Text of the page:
Sun, sex and an anthropological study

    One academic’s summer of hell in Magaluf
    From Shakespeare to Rising Damp... to Vicious

    Frances de la Tour's 50-year triumph

    'Rising Damp' brought De la Tour such recognition that she could be forgiven if she'd never been able to move on. But at 70, she continues to flourish - and to beguile
    'That Whitsun, I was late getting away...'

    Ian McMillan on the Whitsun Weddings

    This weekend is Whitsun, and while the festival may no longer resonate, Larkin's best-loved poem, lives on - along with the train journey at the heart of it
    Kathryn Williams explores the works and influences of Sylvia Plath in a new light

    Songs from the bell jar

    Kathryn Williams explores the works and influences of Sylvia Plath
    How one man's day in high heels showed him that Cannes must change its 'no flats' policy

    One man's day in high heels

    ...showed him that Cannes must change its 'flats' policy
    Is a quiet crusade to reform executive pay bearing fruit?

    Is a quiet crusade to reform executive pay bearing fruit?

    Dominic Rossi of Fidelity says his pressure on business to control rewards is working. But why aren’t other fund managers helping?
    The King David Hotel gives precious work to Palestinians - unless peace talks are on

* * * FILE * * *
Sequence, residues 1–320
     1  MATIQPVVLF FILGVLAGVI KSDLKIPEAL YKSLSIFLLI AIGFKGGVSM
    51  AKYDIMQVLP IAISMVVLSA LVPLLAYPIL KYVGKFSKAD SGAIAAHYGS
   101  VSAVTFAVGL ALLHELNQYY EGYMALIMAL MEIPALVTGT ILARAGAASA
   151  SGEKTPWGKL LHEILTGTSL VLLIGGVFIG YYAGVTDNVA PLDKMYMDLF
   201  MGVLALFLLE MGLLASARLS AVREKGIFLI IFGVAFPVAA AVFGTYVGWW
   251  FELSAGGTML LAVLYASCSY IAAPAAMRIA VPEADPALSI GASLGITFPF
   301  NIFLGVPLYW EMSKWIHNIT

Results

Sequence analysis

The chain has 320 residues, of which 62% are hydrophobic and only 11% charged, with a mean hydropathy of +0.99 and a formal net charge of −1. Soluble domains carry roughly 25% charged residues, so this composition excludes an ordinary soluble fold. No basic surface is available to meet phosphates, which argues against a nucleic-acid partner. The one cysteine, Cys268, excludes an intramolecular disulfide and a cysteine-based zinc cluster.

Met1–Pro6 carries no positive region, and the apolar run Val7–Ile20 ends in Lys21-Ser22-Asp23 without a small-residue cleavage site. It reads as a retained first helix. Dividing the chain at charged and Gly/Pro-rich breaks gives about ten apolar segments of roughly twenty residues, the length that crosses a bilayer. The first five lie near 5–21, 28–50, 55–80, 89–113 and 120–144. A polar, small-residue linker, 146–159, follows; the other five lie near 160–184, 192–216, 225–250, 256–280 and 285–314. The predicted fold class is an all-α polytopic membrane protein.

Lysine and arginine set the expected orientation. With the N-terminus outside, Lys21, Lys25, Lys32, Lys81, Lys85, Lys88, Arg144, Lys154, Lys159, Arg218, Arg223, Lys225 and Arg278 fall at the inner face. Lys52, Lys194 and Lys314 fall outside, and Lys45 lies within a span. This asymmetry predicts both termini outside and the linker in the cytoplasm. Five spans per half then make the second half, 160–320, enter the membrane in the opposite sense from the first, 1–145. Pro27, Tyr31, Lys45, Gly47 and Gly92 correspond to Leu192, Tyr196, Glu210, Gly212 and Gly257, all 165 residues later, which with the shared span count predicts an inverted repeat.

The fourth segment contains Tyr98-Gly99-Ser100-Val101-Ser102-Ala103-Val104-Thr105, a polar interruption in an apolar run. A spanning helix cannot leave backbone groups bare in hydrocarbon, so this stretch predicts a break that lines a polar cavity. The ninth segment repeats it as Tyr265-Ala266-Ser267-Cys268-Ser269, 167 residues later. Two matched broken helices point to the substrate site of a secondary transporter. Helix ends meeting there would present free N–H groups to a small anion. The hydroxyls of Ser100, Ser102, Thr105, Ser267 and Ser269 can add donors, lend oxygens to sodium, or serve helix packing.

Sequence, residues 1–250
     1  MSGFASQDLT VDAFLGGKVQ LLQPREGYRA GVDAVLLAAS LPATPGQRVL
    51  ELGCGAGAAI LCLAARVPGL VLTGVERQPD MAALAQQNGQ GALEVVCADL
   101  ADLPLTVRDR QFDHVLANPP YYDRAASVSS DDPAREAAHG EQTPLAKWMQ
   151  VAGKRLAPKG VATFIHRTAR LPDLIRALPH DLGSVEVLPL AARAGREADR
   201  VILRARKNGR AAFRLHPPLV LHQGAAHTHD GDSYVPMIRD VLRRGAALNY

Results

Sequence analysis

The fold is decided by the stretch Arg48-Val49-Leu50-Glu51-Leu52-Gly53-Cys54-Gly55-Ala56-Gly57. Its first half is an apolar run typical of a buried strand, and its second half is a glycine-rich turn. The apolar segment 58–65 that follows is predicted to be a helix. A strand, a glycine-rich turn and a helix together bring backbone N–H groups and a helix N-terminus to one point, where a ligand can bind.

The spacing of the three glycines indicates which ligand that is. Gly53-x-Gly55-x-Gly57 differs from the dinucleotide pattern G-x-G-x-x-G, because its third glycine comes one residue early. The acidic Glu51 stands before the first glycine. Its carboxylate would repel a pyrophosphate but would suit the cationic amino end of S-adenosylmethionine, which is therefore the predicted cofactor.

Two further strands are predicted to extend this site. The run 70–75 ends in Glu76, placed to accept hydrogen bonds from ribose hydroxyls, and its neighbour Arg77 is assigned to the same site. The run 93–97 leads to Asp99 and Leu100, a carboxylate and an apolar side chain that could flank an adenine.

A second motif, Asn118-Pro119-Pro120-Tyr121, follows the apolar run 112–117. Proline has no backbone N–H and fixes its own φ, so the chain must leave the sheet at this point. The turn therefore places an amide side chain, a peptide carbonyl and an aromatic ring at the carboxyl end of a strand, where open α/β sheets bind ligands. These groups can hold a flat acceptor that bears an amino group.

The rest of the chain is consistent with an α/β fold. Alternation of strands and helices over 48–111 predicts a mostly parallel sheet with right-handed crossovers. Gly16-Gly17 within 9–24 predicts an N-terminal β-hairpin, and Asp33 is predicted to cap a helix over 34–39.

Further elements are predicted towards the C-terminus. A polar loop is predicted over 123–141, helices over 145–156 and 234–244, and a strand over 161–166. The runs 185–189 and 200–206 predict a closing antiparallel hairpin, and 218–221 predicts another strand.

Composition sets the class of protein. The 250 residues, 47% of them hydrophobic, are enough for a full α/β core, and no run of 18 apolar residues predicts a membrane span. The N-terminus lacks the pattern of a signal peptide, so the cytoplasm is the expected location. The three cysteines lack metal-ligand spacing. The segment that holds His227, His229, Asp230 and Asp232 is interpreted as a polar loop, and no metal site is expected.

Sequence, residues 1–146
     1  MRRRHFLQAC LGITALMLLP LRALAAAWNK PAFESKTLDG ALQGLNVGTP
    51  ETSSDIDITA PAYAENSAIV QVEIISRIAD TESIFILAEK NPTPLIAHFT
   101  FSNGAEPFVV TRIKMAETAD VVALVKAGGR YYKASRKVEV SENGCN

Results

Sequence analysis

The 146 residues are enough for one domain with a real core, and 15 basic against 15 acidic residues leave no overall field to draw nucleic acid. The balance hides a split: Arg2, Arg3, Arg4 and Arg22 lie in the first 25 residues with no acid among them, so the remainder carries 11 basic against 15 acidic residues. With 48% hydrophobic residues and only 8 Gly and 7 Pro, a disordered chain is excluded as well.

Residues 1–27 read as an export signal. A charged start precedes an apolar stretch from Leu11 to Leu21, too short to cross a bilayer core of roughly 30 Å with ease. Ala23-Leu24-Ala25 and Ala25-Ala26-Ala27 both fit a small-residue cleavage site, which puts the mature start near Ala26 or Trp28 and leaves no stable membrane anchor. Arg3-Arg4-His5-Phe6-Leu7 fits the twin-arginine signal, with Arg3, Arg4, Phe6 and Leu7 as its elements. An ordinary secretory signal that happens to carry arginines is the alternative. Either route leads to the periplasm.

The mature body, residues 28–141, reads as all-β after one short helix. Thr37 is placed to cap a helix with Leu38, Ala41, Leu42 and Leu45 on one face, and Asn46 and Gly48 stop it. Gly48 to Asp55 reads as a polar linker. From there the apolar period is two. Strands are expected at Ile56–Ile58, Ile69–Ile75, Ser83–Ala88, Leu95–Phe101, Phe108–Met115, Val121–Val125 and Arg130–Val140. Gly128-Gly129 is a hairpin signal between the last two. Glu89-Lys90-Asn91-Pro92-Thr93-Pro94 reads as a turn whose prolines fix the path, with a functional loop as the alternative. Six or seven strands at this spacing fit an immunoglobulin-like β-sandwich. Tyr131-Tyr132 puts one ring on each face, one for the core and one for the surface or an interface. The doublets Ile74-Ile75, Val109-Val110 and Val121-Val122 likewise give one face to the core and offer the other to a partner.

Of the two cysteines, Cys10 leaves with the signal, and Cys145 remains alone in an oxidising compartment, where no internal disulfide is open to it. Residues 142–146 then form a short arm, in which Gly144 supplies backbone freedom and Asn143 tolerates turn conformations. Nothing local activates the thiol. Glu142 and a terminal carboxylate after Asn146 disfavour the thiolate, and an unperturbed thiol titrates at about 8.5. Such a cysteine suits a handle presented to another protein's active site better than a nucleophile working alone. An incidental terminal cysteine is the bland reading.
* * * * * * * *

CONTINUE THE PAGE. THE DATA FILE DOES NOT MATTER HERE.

King David Hotel: Palestinians not included

    The King David is special to Jerusalem. Nick Kochan checked in and discovered it has some special arrangements, too
    More people moving from Australia to New Zealand than in the other direction for first time in 24 years

    End of the Aussie brain drain

    More people moving from Australia to New Zealand than in the other direction for first time in 24 years
    Meditation is touted as a cure for mental instability but can it actually be bad for you?

    Can meditation be bad for you?

    Researching a mass murder, Dr Miguel Farias discovered that, far from bringing inner peace, meditation can leave devotees in pieces
    Eurovision 2015: Australians will be cheering on their first-ever entrant this Saturday

    Australia's first-ever Eurovision entrant

    Australia, a nation of kitsch-worshippers, has always loved the Eurovision Song Contest. Maggie Alderson says it'll fit in fine
    Letterman's final Late Show: Laughter, but no tears, as David takes his bow after 33 years

    Laughter, but no tears, as Letterman takes his bow after 33 years

    Veteran talkshow host steps down to plaudits from four presidents
    Ivor Novello Awards 2015: Hozier wins with anti-Catholic song 'Take Me To Church' as John Whittingdale leads praise for Black Sabbath

    Hozier's 'blasphemous' song takes Novello award

    Singer joins Ed Sheeran and Clean Bandit in celebration of the best in British and Irish music
    Tequila gold rush: The spirit has gone from a cheap shot to a multi-billion pound product

    Join the tequila gold rush

    The spirit has gone from a cheap shot to a multi-billion pound product
    12 best statement wallpapers

    12 best statement wallpapers

    Make an impact and transform a room with a conversation-starting pattern
    Paul Scholes column: Does David De Gea really want to leave Manchester United to fight it out for the No 1 spot at Real Madrid?

    Paul Scholes column

    Does David De Gea really want to leave Manchester United to fight it out for the No 1 spot at Real Madrid?